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References

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The corresponding What Works Clearinghouse criterion, used to rate a study’s statistical analysis, is: Precision of Estimate: Is the sample large enough for sufficiently precise estimates of effects?

Resources that may be helpful in conducting power analyses include: Peter Z. Schochet, Statistical Power for Random Assignment Evaluations of Education Programs, prepared for the U.S. Education Department’s Institute of Education Sciences, June 22, 2005; Steve Raudenbush et. al., Optimal Design Software for Group Randomized Trials, and a user’s manual for the software; the William T. Grant Foundation’s free consulting service in the design of group-randomized trials; and Howard Bloom, Randomizing Groups to Evaluate Place-Based Programs, prepared for a conference of the Society for Research on Adolescence, March 2, 2004.
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The corresponding What Works Clearinghouse criterion, used to determine whether a study meets its evidence standards, is: Randomization: Were participants placed into groups randomly?

The corresponding What Works Clearinghouse criterion, used to rate a study’s outcome measures, is: Reliability: Is there evidence that the scores on the outcome measure were acceptably reliable? Useful resources that discuss the “no-show” adjustment, and how and when it can be used, include Larry L. Orr, Social Experimentation: Evaluating Public Programs With Experimental Methods, Sage Publications, Inc., 1999, p. 62; and Howard S. Bloom, “Accounting for No-Shows in Experimental Evaluation Designs,” Evaluation Review, vol. 8, April 1984, pp. 225-246.
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For example, the Institute of Education Sciences publication Identifying and Implementing Educational Practices Supported By Rigorous Evidence: A User-Friendly Guide advises that, “A general guideline is that [a] study should lose track of fewer than 25 percent of individuals originally randomized – the fewer, the better.” Similarly, the Office of Management and Budget’s guidance on What Constitutes Strong Evidence of a Program’s Effectiveness advises that, “As a general guideline, [a] study should obtain outcome data for at least 80 percent of the individuals (or other groups) originally randomized.”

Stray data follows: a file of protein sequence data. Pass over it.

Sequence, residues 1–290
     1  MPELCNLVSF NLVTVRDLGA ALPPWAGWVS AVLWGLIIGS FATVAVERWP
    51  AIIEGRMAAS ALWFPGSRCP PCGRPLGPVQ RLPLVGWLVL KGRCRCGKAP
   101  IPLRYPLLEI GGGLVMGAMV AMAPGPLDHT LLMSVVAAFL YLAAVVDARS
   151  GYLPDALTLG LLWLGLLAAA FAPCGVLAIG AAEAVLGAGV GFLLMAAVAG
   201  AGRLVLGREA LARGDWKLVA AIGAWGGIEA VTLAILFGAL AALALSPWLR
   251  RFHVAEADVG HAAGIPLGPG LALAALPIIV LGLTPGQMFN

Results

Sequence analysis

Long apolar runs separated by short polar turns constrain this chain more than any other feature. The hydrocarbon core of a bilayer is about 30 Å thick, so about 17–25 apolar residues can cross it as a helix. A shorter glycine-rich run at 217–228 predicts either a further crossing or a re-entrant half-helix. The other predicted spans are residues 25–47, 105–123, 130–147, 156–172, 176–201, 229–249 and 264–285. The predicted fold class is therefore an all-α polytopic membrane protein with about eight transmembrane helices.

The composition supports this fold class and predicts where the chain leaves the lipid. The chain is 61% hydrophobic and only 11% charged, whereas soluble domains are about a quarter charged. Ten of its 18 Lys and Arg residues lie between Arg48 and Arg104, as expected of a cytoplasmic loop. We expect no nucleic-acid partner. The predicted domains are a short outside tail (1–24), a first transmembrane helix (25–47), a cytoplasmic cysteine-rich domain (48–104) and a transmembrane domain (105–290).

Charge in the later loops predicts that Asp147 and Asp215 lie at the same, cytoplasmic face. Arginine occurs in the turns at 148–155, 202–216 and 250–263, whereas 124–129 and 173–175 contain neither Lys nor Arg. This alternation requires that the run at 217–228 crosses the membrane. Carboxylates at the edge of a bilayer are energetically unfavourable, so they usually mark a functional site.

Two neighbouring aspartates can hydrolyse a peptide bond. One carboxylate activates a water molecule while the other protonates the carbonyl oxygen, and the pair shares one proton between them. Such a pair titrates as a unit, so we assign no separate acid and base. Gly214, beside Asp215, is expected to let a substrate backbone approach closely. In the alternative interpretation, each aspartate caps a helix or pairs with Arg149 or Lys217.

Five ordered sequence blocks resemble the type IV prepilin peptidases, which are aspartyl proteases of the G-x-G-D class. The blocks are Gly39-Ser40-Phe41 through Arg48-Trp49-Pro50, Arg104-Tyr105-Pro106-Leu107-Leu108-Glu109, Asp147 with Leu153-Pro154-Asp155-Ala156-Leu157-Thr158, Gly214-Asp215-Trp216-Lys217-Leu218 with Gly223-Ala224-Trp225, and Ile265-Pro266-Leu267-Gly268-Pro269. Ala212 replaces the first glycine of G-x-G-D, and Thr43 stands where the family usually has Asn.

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The corresponding What Works Clearinghouse criteria, used to determine whether a study meets its evidence standards, are: (i) Differential Attrition: Is there a differential attrition problem that is not accounted for in the analysis? and (ii) Overall Attrition: is there a severe overall attrition problem that is not accounted for in the analysis?

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The corresponding What Works Clearinghouse criterion, used to rate a study’s statistical analysis, is: Statistical Assumptions: Are statistical assumptions necessary for analysis met?

As noted in section 3, under some conditions, it may be possible to obtain estimates of the intervention’s effect on those who actually received it (as opposed to “no-shows”) using the “no-show” adjustment discussed in endnote 5. Also, a variation on this technique can sometimes be used to adjust for “cross-overs” – see Larry L. Orr, Social Experimentation: Evaluating Public Programs With Experimental Methods, op. cit., no. 5, p. 210.
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A helpful resource for conducting such an analysis is Larry L. Orr, Social Experimentation: Evaluating Public Programs With Experimental Methods, op. cit., no. 5, p. 213.

11 The corresponding What Works Clearinghouse criterion, used to rate a study’s statistical analysis, is: Statistical Assumptions: Are statistical assumptions necessary for analysis met? 12

The corresponding What Works Clearinghouse criterion, used to determine whether a study meets its evidence standards, is: Baseline Equivalence: Were the groups comparable at baseline, or was incomparability addressed by the study authors and reflected in the effect size estimate?